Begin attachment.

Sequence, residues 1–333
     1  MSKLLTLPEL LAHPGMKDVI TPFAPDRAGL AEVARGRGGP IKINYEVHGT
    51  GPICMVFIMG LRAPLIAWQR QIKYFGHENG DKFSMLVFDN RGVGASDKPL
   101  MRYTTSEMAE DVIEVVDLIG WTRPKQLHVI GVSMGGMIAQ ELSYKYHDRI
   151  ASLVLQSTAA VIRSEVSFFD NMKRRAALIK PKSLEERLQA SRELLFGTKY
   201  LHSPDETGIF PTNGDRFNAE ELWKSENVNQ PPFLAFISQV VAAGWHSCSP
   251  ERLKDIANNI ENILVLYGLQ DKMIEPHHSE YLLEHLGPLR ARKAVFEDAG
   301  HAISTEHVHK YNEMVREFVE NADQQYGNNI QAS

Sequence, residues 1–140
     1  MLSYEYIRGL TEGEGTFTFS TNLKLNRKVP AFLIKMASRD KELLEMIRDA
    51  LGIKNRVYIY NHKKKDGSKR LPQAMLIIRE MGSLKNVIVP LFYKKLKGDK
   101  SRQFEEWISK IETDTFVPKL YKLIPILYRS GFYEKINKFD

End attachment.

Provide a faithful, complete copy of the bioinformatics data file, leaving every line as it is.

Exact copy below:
Sequence, residues 1–333
     1  MSKLLTLPEL LAHPGMKDVI TPFAPDRAGL AEVARGRGGP IKINYEVHGT
    51  GPICMVFIMG LRAPLIAWQR QIKYFGHENG DKFSMLVFDN RGVGASDKPL
   101  MRYTTSEMAE DVIEVVDLIG WTRPKQLHVI GVSMGGMIAQ ELSYKYHDRI
   151  ASLVLQSTAA VIRSEVSFFD NMKRRAALIK PKSLEERLQA SRELLFGTKY
   201  LHSPDETGIF PTNGDRFNAE ELWKSENVNQ PPFLAFISQV VAAGWHSCSP
   251  ERLKDIANNI ENILVLYGLQ DKMIEPHHSE YLLEHLGPLR ARKAVFEDAG
   301  HAISTEHVHK YNEMVREFVE NADQQYGNNI QAS

Sequence, residues 1–140
     1  MLSYEYIRGL TEGEGTFTFS TNLKLNRKVP AFLIKMASRD KELLEMIRDA
    51  LGIKNRVYIY NHKKKDGSKR LPQAMLIIRE MGSLKNVIVP LFYKKLKGDK
   101  SRQFEEWISK IETDTFVPKL YKLIPILYRS GFYEKINKFD